Damon Silvers, PhD.

It is with deep sorrow that we mark the death of one of our founding members, Damon Silvers, PhD.  Damon passed away unexpectedly but peacefully from complications related to a recent heart attack while at his vacation home in Bethany Beach, Delaware, on July 2, 2016.

We encourage fellow ICP+P members, colleagues, friends and family to express their feelings and leave comments on this page (scroll down the page further to find the comment section).

If you are not able to see the comment section below, please reload the page (may need to be done more than once) and/or clear your browser cache. Instructions for clearning your browser cache can be found via Google Search.

Read The Washington Post Obituary

Experiential and Theoretical Investigation into the Creative Process Study Group 2016-2017 Learning Objectives

Third Tuesday of the month, September through June, 7:30 PM
3715 Alton Place, NW, Washington, DC 20016

Our group views creativity as a capacity that is integral to being human, although the ability to express that creativity may be developed to differing degrees. Our readings have built up a body of thinking about creativity that draws on classical, self psychological, and relational theories. The group shares some responsibility for suggesting topics and readings related to these issues, and collaborates in inviting researchers and artists to join us to discuss their process.

Members who attend this study group will be able to:

1) a. Describe the role of creativity in the grieving process after seeing The Year of Magical Thinking, a play based on a book about the loss of the author Joan Didion’s husband.

1) b. Compare this to theories about grieving described by theorists such as Kubler-Ross and Lindemann.

2) a. Explore the Common Threads use of story cloths in the treatment of women who have experienced gender based violence.

2) b. Identify several ways in which this method enhances trauma treatment especially when the clinician does not share the culture or language of the patient.

3) a. Using Press’s self-psychologically informed theories of dance in The Dance of Self, explore the work of dancer Bill T. Jones. Explain how this may inform your clinical practice.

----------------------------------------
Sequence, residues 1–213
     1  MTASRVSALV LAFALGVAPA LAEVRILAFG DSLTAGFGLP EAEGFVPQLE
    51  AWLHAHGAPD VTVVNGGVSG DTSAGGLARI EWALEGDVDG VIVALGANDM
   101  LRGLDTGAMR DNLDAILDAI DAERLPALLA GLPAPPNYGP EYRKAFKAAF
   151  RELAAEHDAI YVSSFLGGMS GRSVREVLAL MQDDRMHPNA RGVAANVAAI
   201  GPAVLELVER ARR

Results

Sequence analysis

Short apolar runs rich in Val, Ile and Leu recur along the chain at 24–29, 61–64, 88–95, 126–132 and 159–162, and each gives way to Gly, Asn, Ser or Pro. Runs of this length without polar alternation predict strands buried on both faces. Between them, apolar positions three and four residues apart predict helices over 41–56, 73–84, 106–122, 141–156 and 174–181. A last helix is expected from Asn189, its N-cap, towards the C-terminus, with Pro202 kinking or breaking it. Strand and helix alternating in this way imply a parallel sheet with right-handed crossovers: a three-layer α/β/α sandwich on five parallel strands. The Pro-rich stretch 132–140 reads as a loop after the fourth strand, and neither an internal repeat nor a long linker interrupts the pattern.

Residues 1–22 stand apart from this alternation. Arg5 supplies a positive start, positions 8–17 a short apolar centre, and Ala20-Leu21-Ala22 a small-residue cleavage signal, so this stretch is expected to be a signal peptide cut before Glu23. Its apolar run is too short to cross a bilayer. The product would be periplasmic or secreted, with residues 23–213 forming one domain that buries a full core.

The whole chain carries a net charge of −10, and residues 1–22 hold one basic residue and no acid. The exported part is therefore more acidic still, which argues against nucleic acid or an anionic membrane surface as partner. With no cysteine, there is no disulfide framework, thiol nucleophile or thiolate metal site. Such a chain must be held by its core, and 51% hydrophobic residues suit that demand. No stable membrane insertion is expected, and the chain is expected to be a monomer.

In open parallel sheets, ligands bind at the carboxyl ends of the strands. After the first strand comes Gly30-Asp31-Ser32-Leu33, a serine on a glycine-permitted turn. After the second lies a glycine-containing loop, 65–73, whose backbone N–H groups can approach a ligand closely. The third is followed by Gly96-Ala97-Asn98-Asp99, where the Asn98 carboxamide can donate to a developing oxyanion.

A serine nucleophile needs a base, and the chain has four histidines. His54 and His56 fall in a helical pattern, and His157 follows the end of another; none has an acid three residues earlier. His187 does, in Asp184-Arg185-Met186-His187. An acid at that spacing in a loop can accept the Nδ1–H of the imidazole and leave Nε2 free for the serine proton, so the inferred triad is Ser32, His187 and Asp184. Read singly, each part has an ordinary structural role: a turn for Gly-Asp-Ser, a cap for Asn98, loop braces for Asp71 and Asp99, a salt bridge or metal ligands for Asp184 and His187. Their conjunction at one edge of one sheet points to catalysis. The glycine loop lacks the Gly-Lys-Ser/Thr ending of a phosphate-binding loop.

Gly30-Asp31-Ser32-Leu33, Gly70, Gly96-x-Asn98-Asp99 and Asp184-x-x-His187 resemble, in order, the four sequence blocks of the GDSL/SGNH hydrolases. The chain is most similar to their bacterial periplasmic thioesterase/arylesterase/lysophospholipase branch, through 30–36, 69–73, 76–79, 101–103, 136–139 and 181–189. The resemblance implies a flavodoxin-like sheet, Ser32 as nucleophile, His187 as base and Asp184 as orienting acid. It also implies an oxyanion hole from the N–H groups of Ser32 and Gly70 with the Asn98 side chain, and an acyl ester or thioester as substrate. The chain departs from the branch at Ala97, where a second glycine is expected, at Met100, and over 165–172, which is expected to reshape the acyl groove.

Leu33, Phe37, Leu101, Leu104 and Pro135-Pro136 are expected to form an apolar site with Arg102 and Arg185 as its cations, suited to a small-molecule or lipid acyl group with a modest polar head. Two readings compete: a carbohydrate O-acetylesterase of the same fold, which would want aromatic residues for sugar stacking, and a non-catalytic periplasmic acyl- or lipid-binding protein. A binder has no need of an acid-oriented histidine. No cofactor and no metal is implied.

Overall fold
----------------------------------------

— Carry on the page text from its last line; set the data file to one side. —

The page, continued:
3) b. After reading his memoir, discuss Jones’s use of his dancing body as an expression of his experience as a gay man. Explain how this may inform your clinical practice.

4) a. Observe the significance of personal narrative in the lives of the characters in the Wim Wenders film Wings of Desire, using Michael White’s theories about the importance of story and of dual listening in the therapy hour. Explain how this may inform your clinical practice.

4) b. Discuss the function of the individual therapist and of group members as witnesses in light of insight gained from viewing the film and reading Wenders’s commentary.

5) a. Having critiqued Mark Doty’s autobiography Fire Bird, explore the ways his creative process allowed him to come to terms with a troubled history. Explain how this may inform your clinical practice.

5) b. Apply the assumption implicit in his statement “the act of making a poem requires that someone’s listening” to the relationship between therapist and patient.

6) Discuss the development of a sense of personal and cultural identity (“who I am and how I fit into the world”) after viewing the Yo Yo Ma documentary The Music of Strangers. Apply these insights to the challenge of helping patients grapple with this question.

7) Describe, in self-psychological terms, the process by which Helen MacDonald, the author of H Is for Hawk, uses her knowledge of falconry and her relationship with her hawk to grieve the death of her father. Determine ways, in the clinical situation, to distinguish between grief and clinical depression.

8) a. After viewing Out of Our Heads: A Male Journey into the Heart, a film by Allen Moore, and hearing Moore discuss the film, identify issues that arise for men who are depressed and conditions in the culture that may contribute to the incidence of depression in men.

8) b. Using clinical examples, compare the group approach depicted in the film to various methods used by clinicians in the study group. Explain how this may inform your clinical practice.

9) After viewing Linn Meyers’s installation at the Hirshhorn, and attending several gallery talks, discuss the parallels between the creative process involved in making her mural with the creative process in a therapy session, focusing on such elements as the balance between plan and spontaneity, theory and interaction, boundary and improvisation.